State of the States *

Zorgi Scores for July 8, 2020

Today I thought I’d walk through how I use the Zorgi Score calculation table (SDT4) to analyze how a state is doing. Remember that if you really want to get into the guts of the calculations, there’s a complete explanation of the metrics here and the calculations here.

Since I live in California, let’s start there. I’m going to write this pretty much as I look at it for the first time on any given day. Hopefully, you’ll see why the Zorgi Score is a useful analysis tool for me, and even better, it might become that for you!

First, the chart. I notice that CA is not the lowest, but one of the lowest. That said, 12.4 is not really that low a score. It just looks good when you compare it to AZ at 24.2. However, when I complete the Zorgi Score calculations for countries, I suspect that the score for Denmark will be somewhere around 1.0, while the score for Brazil will be around 25, pretty close to where AZ is now. Yes, that means I think the situation there is comparable.

Is GA’s lower score justifiable? After all, aren’t they one of the states that opened up early? Shouldn’t they be doing terribly? Here’s where the Zorgi Score calculations help me avoid motivated reasoning. GA got fewer points than CA for change in daily cases – 98% increase vs. 120%, so that seems reasonable. GA got more points (3.3) for their decrease in doubling days; CA only got 2.4 points. They both got a lot of points because a doubling days should be increasing quite a bit, not decreasing.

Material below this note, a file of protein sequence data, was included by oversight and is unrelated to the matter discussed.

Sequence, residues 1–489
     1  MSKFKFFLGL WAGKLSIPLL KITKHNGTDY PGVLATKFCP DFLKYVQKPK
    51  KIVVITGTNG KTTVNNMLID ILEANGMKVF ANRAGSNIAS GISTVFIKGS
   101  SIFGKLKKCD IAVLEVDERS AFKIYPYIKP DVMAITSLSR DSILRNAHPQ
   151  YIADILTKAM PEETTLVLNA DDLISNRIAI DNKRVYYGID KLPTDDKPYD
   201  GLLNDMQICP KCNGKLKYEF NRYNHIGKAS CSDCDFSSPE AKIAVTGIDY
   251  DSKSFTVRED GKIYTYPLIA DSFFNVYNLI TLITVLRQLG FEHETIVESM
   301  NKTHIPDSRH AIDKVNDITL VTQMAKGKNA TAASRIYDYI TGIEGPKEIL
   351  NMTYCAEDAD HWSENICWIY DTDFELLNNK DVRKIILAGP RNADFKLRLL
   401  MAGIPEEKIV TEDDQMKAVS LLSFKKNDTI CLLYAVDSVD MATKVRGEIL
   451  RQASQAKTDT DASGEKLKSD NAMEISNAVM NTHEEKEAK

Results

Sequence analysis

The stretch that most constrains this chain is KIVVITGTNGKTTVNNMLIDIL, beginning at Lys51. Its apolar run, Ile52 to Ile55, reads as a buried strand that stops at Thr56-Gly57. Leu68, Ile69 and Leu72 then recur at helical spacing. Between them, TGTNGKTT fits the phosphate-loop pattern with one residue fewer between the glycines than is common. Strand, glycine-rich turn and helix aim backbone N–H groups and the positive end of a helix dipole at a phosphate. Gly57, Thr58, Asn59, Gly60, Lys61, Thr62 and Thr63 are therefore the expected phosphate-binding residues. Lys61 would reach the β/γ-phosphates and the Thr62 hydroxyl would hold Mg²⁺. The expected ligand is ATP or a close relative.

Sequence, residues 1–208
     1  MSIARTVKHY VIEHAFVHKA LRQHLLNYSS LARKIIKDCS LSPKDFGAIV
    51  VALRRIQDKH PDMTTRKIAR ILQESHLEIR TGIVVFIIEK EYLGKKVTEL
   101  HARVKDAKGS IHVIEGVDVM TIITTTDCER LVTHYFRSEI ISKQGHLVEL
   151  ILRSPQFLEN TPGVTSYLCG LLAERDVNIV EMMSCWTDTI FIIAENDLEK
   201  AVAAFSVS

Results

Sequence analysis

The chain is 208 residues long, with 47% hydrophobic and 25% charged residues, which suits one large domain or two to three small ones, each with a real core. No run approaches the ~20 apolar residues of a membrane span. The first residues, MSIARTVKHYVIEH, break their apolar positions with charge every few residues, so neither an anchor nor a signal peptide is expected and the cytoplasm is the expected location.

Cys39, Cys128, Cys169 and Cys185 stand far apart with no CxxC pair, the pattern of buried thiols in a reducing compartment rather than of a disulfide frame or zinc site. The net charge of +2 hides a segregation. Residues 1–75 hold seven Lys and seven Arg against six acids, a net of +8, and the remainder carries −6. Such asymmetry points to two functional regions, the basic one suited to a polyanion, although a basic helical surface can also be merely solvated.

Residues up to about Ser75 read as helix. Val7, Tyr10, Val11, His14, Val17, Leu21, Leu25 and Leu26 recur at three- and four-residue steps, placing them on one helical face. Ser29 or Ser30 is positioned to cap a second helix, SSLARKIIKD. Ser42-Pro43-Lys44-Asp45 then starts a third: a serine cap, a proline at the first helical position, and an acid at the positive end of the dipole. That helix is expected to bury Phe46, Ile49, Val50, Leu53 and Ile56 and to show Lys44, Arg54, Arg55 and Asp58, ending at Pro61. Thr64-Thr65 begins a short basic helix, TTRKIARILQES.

In daily fatalities, CA went up by 17%, but GA went down by 29%, so CA got 1.2 points, while GA got 0 points. For fatality doubling days, CA got 1.0 points for a mediocre increase of 53%, while GA got more points, 1.5, for an even more mediocre increase of 43%.

Both states got the same score for testing increases – 0.1. They also got the same score, 2.0, for tests per case. CA was a bit better at 19 than GA was at 10 but the range for that score is 10 to 19. Is that a good number? No. China, for example, is around 850. Germany is around 50. So 19 is not good. The flip side of tests per case is the positivity rate, which was 8% for CA and 14% for GA. If either state were doing enough testing, that rate would be well below 5%. And without a proper rate of testing, we know that case tracking is not happening as much as it should.

Next we come to what I’m sure to some of you is a controversial “adjustment.” CA gets 3 points deducted because they make their hospital data public and easily available; GA only gets 1 point deducted because while they do publish hospital data, they do not publish ICU data. I have found over the past 100+ days that localities that refuse to publish hospital data (assuming they’re at the county level or higher) are obfuscating the real situation, which is typically much worse than the data would indicate.

The same kind of adjustment is assessed for publication of ICU data. Here CA gets a 2 point deduction, while GA gets 1 point added. ICU data is important. Once ICU’s reach their maximum capacity, it’s quite probable that people will start dying because they can’t get care for routine emergencies – heart attacks, strokes, etc.

Also, these penalties offset some of the points that might be added if a locality publishes their data, but gets dinged because the results aren’t very good.